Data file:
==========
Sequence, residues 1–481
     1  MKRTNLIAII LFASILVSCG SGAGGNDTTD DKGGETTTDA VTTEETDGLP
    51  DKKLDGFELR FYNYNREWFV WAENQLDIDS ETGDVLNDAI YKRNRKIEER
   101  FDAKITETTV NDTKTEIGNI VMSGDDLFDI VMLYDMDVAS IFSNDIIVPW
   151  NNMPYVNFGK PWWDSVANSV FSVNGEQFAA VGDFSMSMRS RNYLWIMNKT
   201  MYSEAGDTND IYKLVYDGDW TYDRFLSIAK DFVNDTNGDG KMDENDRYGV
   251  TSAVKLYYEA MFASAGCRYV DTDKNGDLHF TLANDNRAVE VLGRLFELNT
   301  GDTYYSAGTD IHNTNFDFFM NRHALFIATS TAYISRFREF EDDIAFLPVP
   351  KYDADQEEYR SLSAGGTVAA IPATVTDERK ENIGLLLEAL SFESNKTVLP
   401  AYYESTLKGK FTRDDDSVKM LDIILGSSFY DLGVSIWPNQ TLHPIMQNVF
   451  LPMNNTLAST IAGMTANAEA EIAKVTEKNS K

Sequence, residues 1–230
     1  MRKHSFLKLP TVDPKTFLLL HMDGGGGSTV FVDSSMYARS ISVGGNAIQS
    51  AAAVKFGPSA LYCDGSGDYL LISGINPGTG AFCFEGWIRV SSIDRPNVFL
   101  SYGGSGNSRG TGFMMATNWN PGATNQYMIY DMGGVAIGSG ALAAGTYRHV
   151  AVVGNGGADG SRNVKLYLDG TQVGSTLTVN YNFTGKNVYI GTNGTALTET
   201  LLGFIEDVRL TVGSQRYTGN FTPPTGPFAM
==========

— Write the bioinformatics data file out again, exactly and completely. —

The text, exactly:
Sequence, residues 1–481
     1  MKRTNLIAII LFASILVSCG SGAGGNDTTD DKGGETTTDA VTTEETDGLP
    51  DKKLDGFELR FYNYNREWFV WAENQLDIDS ETGDVLNDAI YKRNRKIEER
   101  FDAKITETTV NDTKTEIGNI VMSGDDLFDI VMLYDMDVAS IFSNDIIVPW
   151  NNMPYVNFGK PWWDSVANSV FSVNGEQFAA VGDFSMSMRS RNYLWIMNKT
   201  MYSEAGDTND IYKLVYDGDW TYDRFLSIAK DFVNDTNGDG KMDENDRYGV
   251  TSAVKLYYEA MFASAGCRYV DTDKNGDLHF TLANDNRAVE VLGRLFELNT
   301  GDTYYSAGTD IHNTNFDFFM NRHALFIATS TAYISRFREF EDDIAFLPVP
   351  KYDADQEEYR SLSAGGTVAA IPATVTDERK ENIGLLLEAL SFESNKTVLP
   401  AYYESTLKGK FTRDDDSVKM LDIILGSSFY DLGVSIWPNQ TLHPIMQNVF
   451  LPMNNTLAST IAGMTANAEA EIAKVTEKNS K

Sequence, residues 1–230
     1  MRKHSFLKLP TVDPKTFLLL HMDGGGGSTV FVDSSMYARS ISVGGNAIQS
    51  AAAVKFGPSA LYCDGSGDYL LISGINPGTG AFCFEGWIRV SSIDRPNVFL
   101  SYGGSGNSRG TGFMMATNWN PGATNQYMIY DMGGVAIGSG ALAAGTYRHV
   151  AVVGNGGADG SRNVKLYLDG TQVGSTLTVN YNFTGKNVYI GTNGTALTET
   201  LLGFIEDVRL TVGSQRYTGN FTPPTGPFAM